November 27, 2012 at 1:00 am

Tony Paul

Tigers need a closer, but not one as expensive as Rafael Soriano

Though tempting, the price for Scott Boras' client Rafael Soriano may be too steep for the Tigers. (Elsa/Getty Images)

Detroit — We've seen this before, Scott Boras talking the Tigers into one of his clients.

Just don't expect Rafael Soriano to be the latest.

There are reports now making the rounds that Boras and Tigers owner Mike Ilitch chatted recently, specifically about Soriano, the right-hander who filled in so brilliantly as the Yankees closer in Mariano Rivera's absence this past season that he opted out of the last year of his deal - to instead pursue a deal somewhere in the four-year, $60 million, pipe-dream range.

The Tigers have a long history, of course, with Boras, the slick mega-agent who's brought such clients as Pudge Rodriguez, Magglio Ordonez, Kenny Rogers, Johnny Damon and, most recently, Prince Fielder to Detroit.

Boras has known that when negotiations have slowed, he can pick up the phone, call Ilitch and be guaranteed a serious and intrigued listener on the other end of the line.

But in this case, it'd be quite stunning if the Tigers bit on Soriano, 32, even though his numbers over his 11-year career are stunning: 2.78 ERA, 1.046 WHIP, 527 strikeouts in 502 innings. Well, as stunning as any Boras-Tigers transaction can be, anyway.

For starters, it's just not great business paying big bucks and committing big years to closers. Outside the game's truly elite - like Rivera, and maybe nobody else - closers tend to typically be up-down-creatures, so lengthy financial commitments can burn ballclubs.

Buyer beware

Just ask the Marlins, and Heath Bell - who now, of course, is the Diamondbacks problem.

And even when closers are pretty good, their big deals still tend to be burdens on teams. The Mets (Francisco Rodriguez) and Reds (Francisco Cordero) learned that lesson.

Soriano, no question, is the best closer on the free-agent market, and the Tigers happen to be closer-less at the moment. They decided to part company with Jose Valverde, who, by the way, saved 110 games over the last three years — while being paid $23 million, less than half what Soriano wants.

But the Tigers have a young flame-thrower waiting in the wings, in right-hander Bruce Rondon, who they see as the closer of the future, potentially as soon as Opening Day 2013.

That, of course, might be a stretch, as Rondon has yet to throw one of his 100-mph fastballs in the major leagues. But the Tigers clearly think he'll be doing that job, sooner rather than later.

So the belief here is they think much more short-term for a closer, and there certainly are options available, including right-handers Ryan Madson and Joakim Soria, two guys coming off Tommy John surgery who might be forced to take a short-term deal in order to prove they're worth a more lucrative contract elsewhere down the road.

Madson apparently is close to a deal with the Angels, but Soria doesn't appear close with anyone. Soria also knows the American League Central, having closed for years with the Royals.

Closer by committee

The Tigers could give Rodriguez, or K-Rod, a chance to reestablish himself on a short deal, or maybe they make a trade, for, say, J.J. Putz, a Michigan native with the Diamondbacks. The two teams have been rumored to have discussed outfielder Justin Upton; maybe Putz could be a piece to that puzzle.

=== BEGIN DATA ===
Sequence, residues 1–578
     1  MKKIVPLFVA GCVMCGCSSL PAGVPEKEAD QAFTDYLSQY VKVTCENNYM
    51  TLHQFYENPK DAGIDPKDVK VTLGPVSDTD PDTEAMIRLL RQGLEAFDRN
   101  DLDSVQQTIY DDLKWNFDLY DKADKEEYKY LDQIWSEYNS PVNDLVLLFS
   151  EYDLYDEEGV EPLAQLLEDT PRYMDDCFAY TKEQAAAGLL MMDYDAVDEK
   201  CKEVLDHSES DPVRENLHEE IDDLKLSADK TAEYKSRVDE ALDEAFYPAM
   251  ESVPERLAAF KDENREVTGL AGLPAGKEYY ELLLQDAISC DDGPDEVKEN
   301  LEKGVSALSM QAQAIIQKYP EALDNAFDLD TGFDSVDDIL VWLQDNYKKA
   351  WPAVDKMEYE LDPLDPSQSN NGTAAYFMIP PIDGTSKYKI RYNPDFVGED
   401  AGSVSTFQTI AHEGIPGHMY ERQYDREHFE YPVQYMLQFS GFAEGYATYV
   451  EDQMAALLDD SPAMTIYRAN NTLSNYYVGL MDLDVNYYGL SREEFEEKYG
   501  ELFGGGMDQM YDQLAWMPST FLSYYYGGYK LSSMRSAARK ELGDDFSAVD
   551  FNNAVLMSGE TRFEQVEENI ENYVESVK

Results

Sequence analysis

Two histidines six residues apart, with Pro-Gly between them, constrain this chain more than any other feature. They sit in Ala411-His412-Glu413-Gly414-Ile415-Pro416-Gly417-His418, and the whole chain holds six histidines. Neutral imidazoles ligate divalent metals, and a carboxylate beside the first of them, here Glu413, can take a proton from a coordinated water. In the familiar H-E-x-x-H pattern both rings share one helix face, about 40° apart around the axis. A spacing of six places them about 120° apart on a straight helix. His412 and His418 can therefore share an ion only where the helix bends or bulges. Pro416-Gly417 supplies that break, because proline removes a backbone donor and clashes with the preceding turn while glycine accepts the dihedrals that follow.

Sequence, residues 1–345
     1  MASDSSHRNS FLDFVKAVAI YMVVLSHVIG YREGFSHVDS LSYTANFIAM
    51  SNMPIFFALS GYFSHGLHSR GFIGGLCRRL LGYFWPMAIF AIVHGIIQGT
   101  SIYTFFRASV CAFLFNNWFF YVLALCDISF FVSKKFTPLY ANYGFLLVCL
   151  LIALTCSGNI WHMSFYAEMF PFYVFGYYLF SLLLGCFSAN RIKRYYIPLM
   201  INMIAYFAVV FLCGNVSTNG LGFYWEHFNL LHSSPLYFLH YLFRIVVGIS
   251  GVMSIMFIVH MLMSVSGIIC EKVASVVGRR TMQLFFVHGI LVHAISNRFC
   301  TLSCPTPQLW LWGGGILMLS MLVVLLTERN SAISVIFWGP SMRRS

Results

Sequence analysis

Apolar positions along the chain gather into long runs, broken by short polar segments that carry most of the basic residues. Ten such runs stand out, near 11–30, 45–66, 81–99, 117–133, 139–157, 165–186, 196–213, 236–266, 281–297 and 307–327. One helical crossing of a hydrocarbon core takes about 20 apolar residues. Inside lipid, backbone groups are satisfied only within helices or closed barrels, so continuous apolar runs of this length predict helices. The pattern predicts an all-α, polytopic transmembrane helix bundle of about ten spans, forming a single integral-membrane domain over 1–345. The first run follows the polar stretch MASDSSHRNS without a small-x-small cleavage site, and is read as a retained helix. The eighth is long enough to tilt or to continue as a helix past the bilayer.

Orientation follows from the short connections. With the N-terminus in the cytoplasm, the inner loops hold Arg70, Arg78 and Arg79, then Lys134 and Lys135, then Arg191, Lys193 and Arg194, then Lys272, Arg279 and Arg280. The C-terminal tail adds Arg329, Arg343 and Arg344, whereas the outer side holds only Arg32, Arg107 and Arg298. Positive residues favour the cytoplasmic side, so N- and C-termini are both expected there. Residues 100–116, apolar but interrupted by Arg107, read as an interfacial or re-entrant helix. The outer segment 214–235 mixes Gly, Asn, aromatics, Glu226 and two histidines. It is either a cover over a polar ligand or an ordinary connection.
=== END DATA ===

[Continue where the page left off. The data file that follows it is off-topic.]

If nothing along those lines works out, the Tigers have internal options not named Rondon, too - like Octavio Dotel, or even Al Alburquerque, though Joaquin Benoit probably will stay put in the setup role.

Maybe Tigers manager Jim Leyland could even play it by committee, based on matchups — which worked so well in this past postseason — at least early in the season, until someone wins the job. The A's went with the hot hand this year; it was rookie Ryan Cook in the first half, Grant Balfour in the second, and that worked out quite well.

Who knows? The Tigers' someone who seizes the gig might just be Rondon, who's been talked up by general manager Dave Dombrowski exponentially more than anybody else this offseason.

However it shakes out, it's difficult to envision Soriano — who in 2010 with the Rays did combine with Benoit to form one of the deadliest eight inning-ninth inning combinations in recent memory — being the Tigers' man. That is, unless, of course, the price comes way, way down.

With Boras, it rarely does. He'll wait for a spring-training injury if he has to.

Money matters to the Tigers, even if it doesn't always seem that way. They're not going to issue a blank check to keep starting pitcher Anibal Sanchez, for instance; outfielder Josh Hamilton is not going to be a Tiger.

But this is a factor, too: Signing Soriano, who received and turned down a qualifying offer from the Yankees, would cost the Tigers a first-round draft pick. For a team that eventually needs to find its future shortstop, forfeiting a fourth consecutive first-round pick might not be the wisest plan.

They lost picks the last three drafts for signing Valverde, Victor Martinez and Fielder. That was another plus to the Torii Hunter signing: He wasn't issued a qualifying offer by the Angels — who were afraid he'd accept it — to the Tigers got to keep their first-rounder.

Now, will they keep to their original plan at closer - Rondon, 21, for the long-term, and maybe a short-term solution in the interim?

It'd be absolutely stunning if they veer off that plan to bring in Soriano, who's seeking a record deal for closers (the Phillies gave Jonathan Papelbon four years and $50 million last offseason).

Then again, it simply can't be said enough: With Boras, the Tigers and Ilitch — who's desperate to win that World Series ring and, at 83, knows time isn't on his side — you never can say never.